Time For A Rest


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Africa » Ghana
November 19th 2009
Published: June 23rd 2017
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Geo: 6.53134, -1.43131

We've been travelling hard for quite some time now (although it might be tough to qualify the Niger River pinasse trip as ‘tough travel'😉 and DH has started fighting that scourge of travellers- the funny tummy, so we've decide to down tools and rest at a lake near Kumasi, Ghana. Getting to Kumasi means one more hard day of travel but there are a couple of worthwhile sites on the way…provided, of course, you go the right way. Somehow we ended up taking the old road to Kumasi which was not only a typical beat-up African road but there was a 1 hour ferry crossing stuck right in the middle of this trip. This wouldn't be so bad except we arrived at the dock just in time to see the first of only two ferries per day disappear over the horizon. Waiting for the second ferry (and given the mass of humanity milling about the dock area, there was some doubt that we would even get on the second ferry) which seemed to have only a vaguely defined departure time, meant enduring an almost constant deluge of “hey white man” from the populous of the small market village which grown up around the ferry dock. I was really getting tired of this particularly as there were no comments or even a wave if you looked over at the local who seemed desperate for your attention- just a blank stare. Some hours into the wait, we became an accepted part of the environment and were able to wade through the hodge-podge village/market with only sporadic catcalls, and were even invited to take some photos without a follow-up demand for money. It was a leisurely opportunity to absorb the chaos of African life without being centre stage ourselves. And then came the ferry.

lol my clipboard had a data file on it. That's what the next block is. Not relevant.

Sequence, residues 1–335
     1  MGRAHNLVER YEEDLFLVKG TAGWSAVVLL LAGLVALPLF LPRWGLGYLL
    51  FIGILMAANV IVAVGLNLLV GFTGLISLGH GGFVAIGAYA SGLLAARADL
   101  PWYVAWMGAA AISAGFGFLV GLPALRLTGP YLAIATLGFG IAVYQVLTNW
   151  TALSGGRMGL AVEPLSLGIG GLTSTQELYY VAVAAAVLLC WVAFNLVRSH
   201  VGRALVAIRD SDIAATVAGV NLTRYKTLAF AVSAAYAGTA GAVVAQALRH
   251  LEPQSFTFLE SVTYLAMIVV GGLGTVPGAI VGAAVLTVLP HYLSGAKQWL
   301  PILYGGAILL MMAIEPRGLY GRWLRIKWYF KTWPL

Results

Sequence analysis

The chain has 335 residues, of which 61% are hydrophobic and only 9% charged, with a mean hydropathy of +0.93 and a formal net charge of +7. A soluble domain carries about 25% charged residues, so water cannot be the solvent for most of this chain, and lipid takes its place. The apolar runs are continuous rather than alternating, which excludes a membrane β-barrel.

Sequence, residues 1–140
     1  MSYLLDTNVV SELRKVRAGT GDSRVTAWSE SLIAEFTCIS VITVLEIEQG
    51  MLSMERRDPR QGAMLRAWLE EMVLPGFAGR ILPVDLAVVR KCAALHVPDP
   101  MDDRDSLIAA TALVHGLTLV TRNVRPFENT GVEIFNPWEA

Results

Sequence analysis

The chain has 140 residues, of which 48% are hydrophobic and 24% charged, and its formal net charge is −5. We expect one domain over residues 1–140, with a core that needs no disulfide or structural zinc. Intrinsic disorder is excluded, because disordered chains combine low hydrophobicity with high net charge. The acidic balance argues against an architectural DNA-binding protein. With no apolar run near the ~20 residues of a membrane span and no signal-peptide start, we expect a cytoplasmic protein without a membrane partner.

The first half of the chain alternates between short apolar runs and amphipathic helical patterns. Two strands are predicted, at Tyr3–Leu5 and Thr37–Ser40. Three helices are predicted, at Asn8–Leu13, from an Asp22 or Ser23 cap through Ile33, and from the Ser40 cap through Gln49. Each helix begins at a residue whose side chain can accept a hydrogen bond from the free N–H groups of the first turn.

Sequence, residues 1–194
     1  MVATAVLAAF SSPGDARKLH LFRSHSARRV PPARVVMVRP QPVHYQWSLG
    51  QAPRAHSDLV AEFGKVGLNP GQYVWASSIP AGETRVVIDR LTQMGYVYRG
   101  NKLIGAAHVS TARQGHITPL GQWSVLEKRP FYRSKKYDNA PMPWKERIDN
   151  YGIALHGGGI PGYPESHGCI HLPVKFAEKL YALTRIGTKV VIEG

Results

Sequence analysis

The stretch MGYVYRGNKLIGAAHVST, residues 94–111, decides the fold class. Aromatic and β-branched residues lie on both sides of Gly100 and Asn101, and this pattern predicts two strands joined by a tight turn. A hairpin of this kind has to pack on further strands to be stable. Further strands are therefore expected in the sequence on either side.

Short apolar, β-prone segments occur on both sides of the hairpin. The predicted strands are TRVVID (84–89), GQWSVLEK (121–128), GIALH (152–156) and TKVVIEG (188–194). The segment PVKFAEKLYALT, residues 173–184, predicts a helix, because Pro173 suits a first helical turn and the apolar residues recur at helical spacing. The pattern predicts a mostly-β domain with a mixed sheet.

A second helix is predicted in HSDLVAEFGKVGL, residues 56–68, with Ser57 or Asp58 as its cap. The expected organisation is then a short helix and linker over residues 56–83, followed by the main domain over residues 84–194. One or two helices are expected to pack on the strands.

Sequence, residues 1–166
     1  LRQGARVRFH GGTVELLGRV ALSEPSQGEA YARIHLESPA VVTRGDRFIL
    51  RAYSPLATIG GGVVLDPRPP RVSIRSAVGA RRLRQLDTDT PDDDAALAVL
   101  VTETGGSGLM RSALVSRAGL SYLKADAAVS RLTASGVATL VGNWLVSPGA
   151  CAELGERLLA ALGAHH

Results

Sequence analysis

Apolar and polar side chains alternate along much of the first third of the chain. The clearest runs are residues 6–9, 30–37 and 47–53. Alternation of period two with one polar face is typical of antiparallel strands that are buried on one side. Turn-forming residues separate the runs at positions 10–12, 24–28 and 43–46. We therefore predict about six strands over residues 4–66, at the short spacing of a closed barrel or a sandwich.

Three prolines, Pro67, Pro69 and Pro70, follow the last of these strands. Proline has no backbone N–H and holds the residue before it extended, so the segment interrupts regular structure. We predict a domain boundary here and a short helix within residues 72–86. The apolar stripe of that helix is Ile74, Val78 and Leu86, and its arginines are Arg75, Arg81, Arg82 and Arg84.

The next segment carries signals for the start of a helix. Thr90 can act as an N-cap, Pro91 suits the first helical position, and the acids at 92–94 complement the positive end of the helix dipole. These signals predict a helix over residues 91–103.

As the ferry took its run at the river bank, listing badly to one side, you couldn't help but think of every overloaded, third world, ferry disaster you had ever heard about. There were vehicles taking up every bit of deck space available, with people and livestock relegated to whatever space they could find. DH is convinced that Africans have to be among the best in the world at space utilization- not a square inch goes vacant which is something to admire from a distance but not quite so wonderful when you are about to become one of the piece parts that are to be stuffed aboard a vessel of questionable seaworthiness. As each overloaded truck made its run for freedom, the ferry would dip dramatically to the shoreline and then spring back violently as the truck made dry land. All the while, the ferry was attacked by a swarm of people seemingly oblivious to the bobbing and weaving of a boat that should not have been bobbing and weaving. As the black exhaust from the escaping trucks cleared, it became apparent that there were all manner of trolleys stacked high with a variety of merchandise with no visible means of propulsion. This was soon resolved as each trolley was surrounded by about 10 of the locals (how ownership was determined, where these people came from, why they chose to help, were all unresolved questions) who would then begin the arduous task of pulling/pushing each of these trolleys up the steep incline which led to the village. The ‘puller' would steer the trolley in a serpentine direction up the hill with the others, backs to the load, pushing in small steps, all the while singing out a cadence that suggested they were actually having fun. And emptying the ferry was actually the easy part. We soon found out why there was a steep incline leading to the ferry- it allowed the overloaded trucks going the other way to build up enough momentum to make it onto the ferry. While these trucks were slamming themselves on board with a bizarre precision (you couldn't slide a piece of paper between some of them), there seemed to be a furious activity to repair a portion of the hull with a welding torch (the welder was wearing sunglasses for protection??) and deck planks were being replaced. And, of course, even though this should have created some concern for the passengers, outside of DH and myself, there was no evidence of concern. In among the trucks, trolleys which appeared to be loaded with the exact same merchandise that was just off-loaded, made the more difficult trip down the decline and, as often as not, were unsuccessful leaving people scrambling out of the way of runaway trolleys which would spill their loads at the base of the gangway. Not to be deterred, the trolleys were simply reloaded and pushed onto the ferry to be squished between trucks. Somehow it all worked.